Real Lean Transformation

Lean Manufacturing

What Carpenters can teach Lean Practitioners

A carpenter, attempting to frame a house, needs to attach different pieces of wood to each other. This carpenter has a fabulous hammer, and has used this hammer in the past, with nails, to complete this type of work. The hammer is weighted perfectly and with nominal effort can drive nails into wood with only a few strikes. The purpose or principle of the hammer is to join wood together by forcing a narrow wedge into multiple pieces of wood, thereby affixing the pieces to each other.

When Great Lean Tools Fail

You may have all seen the spaghetti diagram that took months to complete, yet provided very little in the way of results. Or, you’ve seen the standard work that was methodically created by external assessors using measuring tapes, stop watches and pages and pages of process steps; the type of work which never really lives up to your expectations. What is wrong here? Why do so many implementations of Lean Tools fail to live up to the expectations placed upon them, or have any sustainable results?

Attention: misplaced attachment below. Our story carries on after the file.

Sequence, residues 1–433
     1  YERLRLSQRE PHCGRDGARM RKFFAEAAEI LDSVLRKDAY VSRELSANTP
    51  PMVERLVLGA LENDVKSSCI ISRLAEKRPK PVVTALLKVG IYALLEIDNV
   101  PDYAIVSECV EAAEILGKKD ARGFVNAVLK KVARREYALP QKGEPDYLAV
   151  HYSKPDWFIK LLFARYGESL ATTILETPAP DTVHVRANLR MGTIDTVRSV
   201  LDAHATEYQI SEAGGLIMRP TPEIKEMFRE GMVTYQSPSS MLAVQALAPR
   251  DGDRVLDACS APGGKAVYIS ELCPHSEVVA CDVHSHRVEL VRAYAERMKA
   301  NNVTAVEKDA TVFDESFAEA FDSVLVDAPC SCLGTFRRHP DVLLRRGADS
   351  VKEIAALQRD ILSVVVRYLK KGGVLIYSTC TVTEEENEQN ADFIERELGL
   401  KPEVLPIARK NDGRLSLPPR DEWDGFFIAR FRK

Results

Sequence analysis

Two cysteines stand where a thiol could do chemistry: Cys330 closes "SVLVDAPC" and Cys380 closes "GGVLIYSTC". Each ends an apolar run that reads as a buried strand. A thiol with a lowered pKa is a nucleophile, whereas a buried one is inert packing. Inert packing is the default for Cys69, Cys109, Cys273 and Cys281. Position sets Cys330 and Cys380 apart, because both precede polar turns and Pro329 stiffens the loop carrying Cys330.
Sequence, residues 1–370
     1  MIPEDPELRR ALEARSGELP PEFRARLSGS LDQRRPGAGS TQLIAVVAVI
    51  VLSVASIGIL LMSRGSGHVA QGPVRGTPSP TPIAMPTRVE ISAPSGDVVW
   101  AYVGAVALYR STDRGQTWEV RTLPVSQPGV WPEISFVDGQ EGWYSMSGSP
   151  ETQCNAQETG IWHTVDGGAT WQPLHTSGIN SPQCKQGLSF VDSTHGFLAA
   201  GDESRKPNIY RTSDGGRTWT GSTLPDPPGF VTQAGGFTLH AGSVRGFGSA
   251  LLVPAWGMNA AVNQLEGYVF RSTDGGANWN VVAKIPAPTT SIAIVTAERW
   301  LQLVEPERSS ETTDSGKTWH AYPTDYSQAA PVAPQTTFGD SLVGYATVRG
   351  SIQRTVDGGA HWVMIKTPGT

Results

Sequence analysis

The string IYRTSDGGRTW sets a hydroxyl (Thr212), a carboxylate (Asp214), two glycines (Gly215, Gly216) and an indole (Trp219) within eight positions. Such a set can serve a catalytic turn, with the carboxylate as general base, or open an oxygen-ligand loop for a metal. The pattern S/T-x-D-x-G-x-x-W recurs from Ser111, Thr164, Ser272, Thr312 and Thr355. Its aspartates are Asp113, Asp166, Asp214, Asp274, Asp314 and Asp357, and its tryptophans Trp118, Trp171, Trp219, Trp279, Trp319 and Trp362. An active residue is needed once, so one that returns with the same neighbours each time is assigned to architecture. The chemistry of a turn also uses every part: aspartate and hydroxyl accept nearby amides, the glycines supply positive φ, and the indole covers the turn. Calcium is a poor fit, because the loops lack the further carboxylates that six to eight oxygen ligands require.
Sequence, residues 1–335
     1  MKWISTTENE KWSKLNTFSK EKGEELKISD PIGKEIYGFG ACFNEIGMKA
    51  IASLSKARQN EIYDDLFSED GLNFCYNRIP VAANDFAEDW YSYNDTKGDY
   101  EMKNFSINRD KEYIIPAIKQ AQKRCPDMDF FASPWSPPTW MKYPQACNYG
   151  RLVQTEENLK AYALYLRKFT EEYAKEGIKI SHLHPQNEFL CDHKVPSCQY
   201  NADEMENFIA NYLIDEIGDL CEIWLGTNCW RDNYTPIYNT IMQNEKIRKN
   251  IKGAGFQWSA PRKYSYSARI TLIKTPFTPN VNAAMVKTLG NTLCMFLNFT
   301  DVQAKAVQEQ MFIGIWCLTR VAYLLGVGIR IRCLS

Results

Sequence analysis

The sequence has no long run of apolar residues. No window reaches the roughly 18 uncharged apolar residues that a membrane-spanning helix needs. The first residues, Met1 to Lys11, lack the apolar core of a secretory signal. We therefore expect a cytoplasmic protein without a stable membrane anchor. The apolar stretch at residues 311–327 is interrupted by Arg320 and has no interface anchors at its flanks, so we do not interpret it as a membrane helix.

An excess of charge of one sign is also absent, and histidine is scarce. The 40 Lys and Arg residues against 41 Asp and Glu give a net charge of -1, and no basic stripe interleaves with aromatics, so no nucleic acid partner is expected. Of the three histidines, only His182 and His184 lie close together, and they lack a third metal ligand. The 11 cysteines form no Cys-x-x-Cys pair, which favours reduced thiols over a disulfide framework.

Can and should Lean be applied in Labs?

Lean originated in the automotive industry and it’s easy to see how the tools and concepts are a good fit for that type of manufacturing. It’s much less obvious however that Lean can and should be applied in Labs.  In recent times Lean Lab projects have become quite common but…

Is Lean really an appropriate strategy in the Lab environment or are labs just blindly following trends?

Synchronising Planning, Manufacturing & QC

Day to day operations of individual departments in life science companies rely on many decisions made outside of each department’s own remit. When embarking on a Lean strategy, the pillars of operational excellence (Levelling and Flow) can be supported by increasing awareness of how each department functions and explaining constraints.